A discussion board can overcome these kinds of issues. There are many of them out there, from yahoo chat rooms to advice forums for computer programs. Discussion boards allow users to post messages back and forth, respond and link to news, or start their own threads to ask each other questions. Talk Origins ( runs a very good example of a science-based forum that concerns itself with issues surrounding the origins of species and life itself. So perhaps I could have a forum to accompany the mindcast and also an e-column?

But forums have their issues. Talk Origins is very successful because it has many contributors and concerns itself mostly with one general topic. But there are two examples I can think of where a discussion board sounds like a good idea but hasn’t really panned out in practice.

The first is on the website of another science show, This Week in Science. It is sort of an older sibling show, broadcasting from the same town as I do, although not the same radio station. Their show broadcasts live over the internet (, and they run a podcast and a chat board through their website ( Kirsten Sanford, who has been hosting the show for about five years now, has gathered a substantial following over the internet.

Hypothetically, a discussion board can be useful because it allows listeners to comment on the show, post news, and ask questions. But the most popular discussion topic at TWIS was over a recent two-month gap in the podcast, attracting some unwarranted vitriolic responses from listeners. It was completely inappropriate considering that they were getting so upset over free entertainment from a low-tech operation. Besides light issues with spammers and trolls, there hasn’t been very much discussion going on. There have been a few questions from listeners, which I have helped answer, but I think there is far more potential for discussion. But how can you pull people from a show to engage in discussion?

There is another chat room that is worthy of note. The Pulse of Science (, run by UC Berkeley researcher and biotech critic, Ignacio Chapela, was intended to be a place to discuss issues in biology, most notably discussion on genetic engineering in agriculture. Chapela referred to one of his first posts as a “humble scoop of fertilizer” to get his website going, although fertilizer seems to do nothing if you don’t plant seeds and water.

During the summer of 2005 a research paper was published in the Proceedings of the National Academy of Sciences that contradicted his claims that genetically engineered corn DNA had “contaminated” up to 1% of the corn on farms and landraces in Oaxaca, Mexico. The new 2-year analysis found no evidence of genetically engineered genes in any of their samples. So Chapela started a thread on The Pulse of Science for the purpose of discussing the recent paper that found no GMO genes in the Mexican corn, and announced that they would soon have their response to the new research. Two months later, there were no new posts. So I finally made a post asking them what the status of their response was, and a month later there was still no response to that. Apparently no one, including the people managing the website, seems to want to discuss anything there. Science is alive and well, but The Pulse of Science is a discussion board that is clinically dead.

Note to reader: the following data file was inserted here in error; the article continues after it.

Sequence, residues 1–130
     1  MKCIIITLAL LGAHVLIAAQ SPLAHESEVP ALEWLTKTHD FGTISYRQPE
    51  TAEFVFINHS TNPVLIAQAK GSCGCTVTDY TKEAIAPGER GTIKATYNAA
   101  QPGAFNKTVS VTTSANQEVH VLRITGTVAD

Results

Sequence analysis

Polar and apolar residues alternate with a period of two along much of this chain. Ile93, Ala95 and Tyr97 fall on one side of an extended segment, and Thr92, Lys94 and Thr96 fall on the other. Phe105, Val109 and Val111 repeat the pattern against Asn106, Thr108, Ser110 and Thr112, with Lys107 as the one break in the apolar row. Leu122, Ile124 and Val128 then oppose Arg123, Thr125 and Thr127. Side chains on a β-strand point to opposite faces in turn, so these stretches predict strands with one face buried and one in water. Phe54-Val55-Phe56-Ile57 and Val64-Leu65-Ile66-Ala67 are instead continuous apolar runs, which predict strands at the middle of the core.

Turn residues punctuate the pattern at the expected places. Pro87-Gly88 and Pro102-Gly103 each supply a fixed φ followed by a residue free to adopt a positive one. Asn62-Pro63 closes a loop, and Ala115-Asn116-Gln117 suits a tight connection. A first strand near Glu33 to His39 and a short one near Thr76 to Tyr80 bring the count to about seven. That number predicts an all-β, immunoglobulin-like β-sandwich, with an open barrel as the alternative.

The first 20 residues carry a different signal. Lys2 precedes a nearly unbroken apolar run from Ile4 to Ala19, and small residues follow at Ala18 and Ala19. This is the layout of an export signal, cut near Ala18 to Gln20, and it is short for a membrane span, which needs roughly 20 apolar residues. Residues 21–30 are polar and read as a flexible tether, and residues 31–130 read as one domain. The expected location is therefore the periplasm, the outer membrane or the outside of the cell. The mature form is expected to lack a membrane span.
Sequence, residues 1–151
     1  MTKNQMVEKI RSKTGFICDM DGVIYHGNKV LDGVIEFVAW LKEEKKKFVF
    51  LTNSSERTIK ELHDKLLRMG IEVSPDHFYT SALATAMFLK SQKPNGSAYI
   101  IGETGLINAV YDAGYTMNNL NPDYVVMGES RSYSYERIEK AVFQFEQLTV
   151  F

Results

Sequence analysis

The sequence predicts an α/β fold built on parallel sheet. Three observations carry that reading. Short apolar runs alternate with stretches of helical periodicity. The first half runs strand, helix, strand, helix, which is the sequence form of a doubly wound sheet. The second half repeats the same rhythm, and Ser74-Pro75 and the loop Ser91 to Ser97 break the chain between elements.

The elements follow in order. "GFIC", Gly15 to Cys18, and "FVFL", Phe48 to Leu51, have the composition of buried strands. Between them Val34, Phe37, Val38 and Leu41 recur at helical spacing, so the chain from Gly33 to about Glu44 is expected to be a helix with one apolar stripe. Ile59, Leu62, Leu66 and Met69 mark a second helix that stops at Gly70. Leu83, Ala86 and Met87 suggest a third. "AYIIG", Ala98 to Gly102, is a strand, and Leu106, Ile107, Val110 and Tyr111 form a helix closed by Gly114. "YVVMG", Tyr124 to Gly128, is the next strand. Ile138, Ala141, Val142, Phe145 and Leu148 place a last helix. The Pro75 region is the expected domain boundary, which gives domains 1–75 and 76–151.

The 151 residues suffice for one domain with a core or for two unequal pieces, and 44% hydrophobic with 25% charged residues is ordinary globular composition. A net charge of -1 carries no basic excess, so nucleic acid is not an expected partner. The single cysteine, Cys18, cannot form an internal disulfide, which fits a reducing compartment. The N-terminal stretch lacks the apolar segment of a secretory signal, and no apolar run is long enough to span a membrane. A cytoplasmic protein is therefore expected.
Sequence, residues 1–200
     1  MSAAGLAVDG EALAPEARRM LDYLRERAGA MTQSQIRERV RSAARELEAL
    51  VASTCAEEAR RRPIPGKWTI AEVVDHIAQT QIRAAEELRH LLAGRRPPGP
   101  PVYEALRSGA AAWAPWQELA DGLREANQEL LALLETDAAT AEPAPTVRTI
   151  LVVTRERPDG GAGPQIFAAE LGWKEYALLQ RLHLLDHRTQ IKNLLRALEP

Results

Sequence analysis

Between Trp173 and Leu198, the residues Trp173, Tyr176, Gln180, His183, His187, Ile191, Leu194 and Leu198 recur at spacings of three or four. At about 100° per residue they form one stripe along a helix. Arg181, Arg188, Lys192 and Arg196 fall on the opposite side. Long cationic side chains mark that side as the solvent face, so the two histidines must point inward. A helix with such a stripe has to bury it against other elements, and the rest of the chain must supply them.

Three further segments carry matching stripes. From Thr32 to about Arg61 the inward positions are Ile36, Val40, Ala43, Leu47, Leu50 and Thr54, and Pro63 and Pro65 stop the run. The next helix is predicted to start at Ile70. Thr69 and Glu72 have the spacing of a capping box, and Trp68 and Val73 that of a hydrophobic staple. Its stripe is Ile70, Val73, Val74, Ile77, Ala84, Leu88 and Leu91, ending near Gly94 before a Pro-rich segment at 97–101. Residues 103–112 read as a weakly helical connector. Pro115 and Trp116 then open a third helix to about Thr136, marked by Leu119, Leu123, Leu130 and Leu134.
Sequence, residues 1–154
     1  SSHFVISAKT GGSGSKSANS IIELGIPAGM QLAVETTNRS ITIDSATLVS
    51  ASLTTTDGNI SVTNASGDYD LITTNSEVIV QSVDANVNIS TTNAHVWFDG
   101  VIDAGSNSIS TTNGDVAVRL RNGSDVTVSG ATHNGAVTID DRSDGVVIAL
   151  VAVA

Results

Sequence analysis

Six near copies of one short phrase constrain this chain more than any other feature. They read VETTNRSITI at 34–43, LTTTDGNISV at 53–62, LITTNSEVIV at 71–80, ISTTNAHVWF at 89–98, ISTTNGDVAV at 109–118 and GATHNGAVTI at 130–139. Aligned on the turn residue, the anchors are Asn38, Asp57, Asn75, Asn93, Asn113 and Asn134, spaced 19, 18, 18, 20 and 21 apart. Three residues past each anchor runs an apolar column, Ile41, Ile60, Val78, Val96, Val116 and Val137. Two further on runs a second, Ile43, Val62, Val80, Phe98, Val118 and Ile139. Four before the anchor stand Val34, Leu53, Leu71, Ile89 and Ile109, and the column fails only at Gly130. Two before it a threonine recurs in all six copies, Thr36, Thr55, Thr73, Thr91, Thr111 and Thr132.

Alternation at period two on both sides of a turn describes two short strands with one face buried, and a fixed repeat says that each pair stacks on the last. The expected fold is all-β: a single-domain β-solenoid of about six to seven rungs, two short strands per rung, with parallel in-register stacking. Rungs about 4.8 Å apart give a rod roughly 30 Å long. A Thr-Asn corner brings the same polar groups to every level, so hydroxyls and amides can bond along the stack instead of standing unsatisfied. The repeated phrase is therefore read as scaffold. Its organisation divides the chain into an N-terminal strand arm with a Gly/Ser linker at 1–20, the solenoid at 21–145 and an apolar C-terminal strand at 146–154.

Each of these problems makes it difficult to keep genuine conversations going on a discussion board, but the biggest overarching obstacle in my view is getting them going. There are countless political, social, religious, and economic issues being discussed everywhere, but as I see it, there’s hardly any discussion of science. To have an effective discussion going on scientific issues, you may need to have people regularly inject opinions, ideas, or news to spearhead the discussion. Dare I say, inoculate it? Dare! Dare!

To log a mind.

A weblog is the obvious answer to these issues. Granted, they are not perfect, but there is so much flexibility (especially with WordPress) that they can evolve into unique resources given time. I’ll be able to post in-depth articles, on a larger scale than my old Aggie columns, short news blips, information on upcoming shows, reader polls, e-columns delivered to your inbox or firefox browser… and so much more. And listeners and readers alike can join in the discussion, ask and have questions answered, and bring more ideas to the virtual table.

Coming back to my discussion of the scientific life above, as I said the whole enterprise seems complex, remote, even boring except for the classic hot issues. During my Aggie stint, there’s been pressure to “dumb things down” in order to get people interested. I’ll have none of that. So how can one present the complexities of science so that laypersons to post-doctorate experts might find it interesting and informative to read? And how can one run a weblog that fosters rational, cogent discussion? How about taking a survey of a few notable science weblogs?

Next: Part II, Entering the Blogosphere.

P.S. You’ll also get to see a picture of me.

Published by

Karl Haro von Mogel

Karl Haro von Mogel serves as BFI’s Director of Science and Media and as Co-Executive Editor of the Biofortified Blog. He has a PhD in Plant Breeding and Plant Genetics from UW-Madison with a minor in Life Sciences Communication. He is currently a Postdoctoral Scholar researching citrus genetics at UC Riverside.